Hourly rates charged by advisers have fallen by 14% over the last year, research by adviser search website Unbiased suggests, putting rates in line with those charged before the Retail Distribution Review (RDR).
The median charge for financial advice per hour fell from £175 per hour in 2013 to £150 in 2014, according to a latest poll of 140 advisers conducted in October. It was £153 in 2012.
Fees for various specific advice scenarios remained largely static over the last two years, Unbiased added.
For instance, an initial financial review and report stood at £500; advice on a £200 per month pension contribution was £500; advice for an investment strategy for a £50,000 inheritance for a 50-year-old seeking medium term growth remained charged at £1,500; and advice on setting up a drawdown scheme on a £300,000 pension fund was £3,000.
We would urge consumers to not only understand costs but also the level of service they will receive
Advice on converting a £100,000 pension fund into a lump sum and annuity saw a return to its 2012 level of £1,500, up from £1,350 charged in 2013.
Separate research carried out in July 2014 showed advisers estimated they would increase their clients' income by an average of 28% if they sought advice at the point of retirement.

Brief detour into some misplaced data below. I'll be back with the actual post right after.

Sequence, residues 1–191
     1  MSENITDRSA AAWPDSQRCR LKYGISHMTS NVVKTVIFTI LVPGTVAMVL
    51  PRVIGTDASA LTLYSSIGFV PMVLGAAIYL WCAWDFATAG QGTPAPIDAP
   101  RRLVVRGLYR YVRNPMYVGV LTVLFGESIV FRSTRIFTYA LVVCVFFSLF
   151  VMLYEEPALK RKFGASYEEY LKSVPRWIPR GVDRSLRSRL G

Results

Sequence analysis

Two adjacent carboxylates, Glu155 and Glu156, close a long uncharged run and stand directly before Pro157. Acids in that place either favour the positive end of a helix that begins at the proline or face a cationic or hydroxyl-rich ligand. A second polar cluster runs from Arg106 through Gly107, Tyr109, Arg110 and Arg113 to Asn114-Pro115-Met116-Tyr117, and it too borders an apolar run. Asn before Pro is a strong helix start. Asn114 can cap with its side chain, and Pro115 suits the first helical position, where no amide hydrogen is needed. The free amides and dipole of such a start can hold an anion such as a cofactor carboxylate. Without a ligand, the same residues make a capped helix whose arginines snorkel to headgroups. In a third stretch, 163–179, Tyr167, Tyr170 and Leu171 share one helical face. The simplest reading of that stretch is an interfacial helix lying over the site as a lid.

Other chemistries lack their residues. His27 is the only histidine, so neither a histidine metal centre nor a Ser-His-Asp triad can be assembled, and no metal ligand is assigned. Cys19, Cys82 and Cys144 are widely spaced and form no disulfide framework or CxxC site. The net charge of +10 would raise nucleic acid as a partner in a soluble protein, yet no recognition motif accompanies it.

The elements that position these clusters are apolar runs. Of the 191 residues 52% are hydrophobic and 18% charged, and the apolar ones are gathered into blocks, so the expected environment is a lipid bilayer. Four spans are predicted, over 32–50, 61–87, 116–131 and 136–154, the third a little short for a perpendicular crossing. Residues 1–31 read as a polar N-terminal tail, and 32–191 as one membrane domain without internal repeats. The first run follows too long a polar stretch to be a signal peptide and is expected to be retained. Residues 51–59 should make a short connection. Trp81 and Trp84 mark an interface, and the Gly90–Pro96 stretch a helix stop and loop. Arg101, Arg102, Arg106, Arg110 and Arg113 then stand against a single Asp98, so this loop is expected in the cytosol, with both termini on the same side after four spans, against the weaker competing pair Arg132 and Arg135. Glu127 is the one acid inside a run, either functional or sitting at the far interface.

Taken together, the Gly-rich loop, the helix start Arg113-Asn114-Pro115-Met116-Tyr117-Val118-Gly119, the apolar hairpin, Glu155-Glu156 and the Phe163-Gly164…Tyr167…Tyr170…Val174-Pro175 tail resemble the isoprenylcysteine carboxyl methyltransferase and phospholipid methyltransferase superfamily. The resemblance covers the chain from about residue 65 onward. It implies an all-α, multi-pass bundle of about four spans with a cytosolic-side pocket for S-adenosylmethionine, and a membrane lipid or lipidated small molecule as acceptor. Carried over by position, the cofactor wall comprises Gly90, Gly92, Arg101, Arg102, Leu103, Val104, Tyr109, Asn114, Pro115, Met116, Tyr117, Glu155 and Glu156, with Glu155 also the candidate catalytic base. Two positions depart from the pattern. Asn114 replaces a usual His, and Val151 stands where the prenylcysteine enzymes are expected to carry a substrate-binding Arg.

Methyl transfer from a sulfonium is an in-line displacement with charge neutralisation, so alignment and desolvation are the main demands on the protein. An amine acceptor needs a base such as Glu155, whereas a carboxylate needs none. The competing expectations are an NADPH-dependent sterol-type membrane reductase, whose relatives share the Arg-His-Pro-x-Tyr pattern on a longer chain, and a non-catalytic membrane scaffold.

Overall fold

Chief executive Karen Barrett (pictured) said: "Consumers can have the preconception that professional advice is not applicable to their financial situation and that the cost of advice will be unaffordable for them.
"As with any professional adviser, costs are only relevant in terms of the benefit realised. We would urge consumers to not only understand costs but also the level of service they will receive, so as to make a judgment on which adviser delivers best value for money overall."
Unbiased lists 15,000 IFAs and whole of market financial advisers on its site. It also publishes tools such as Find the right adviser checklist to help consumers choose a financial adviser.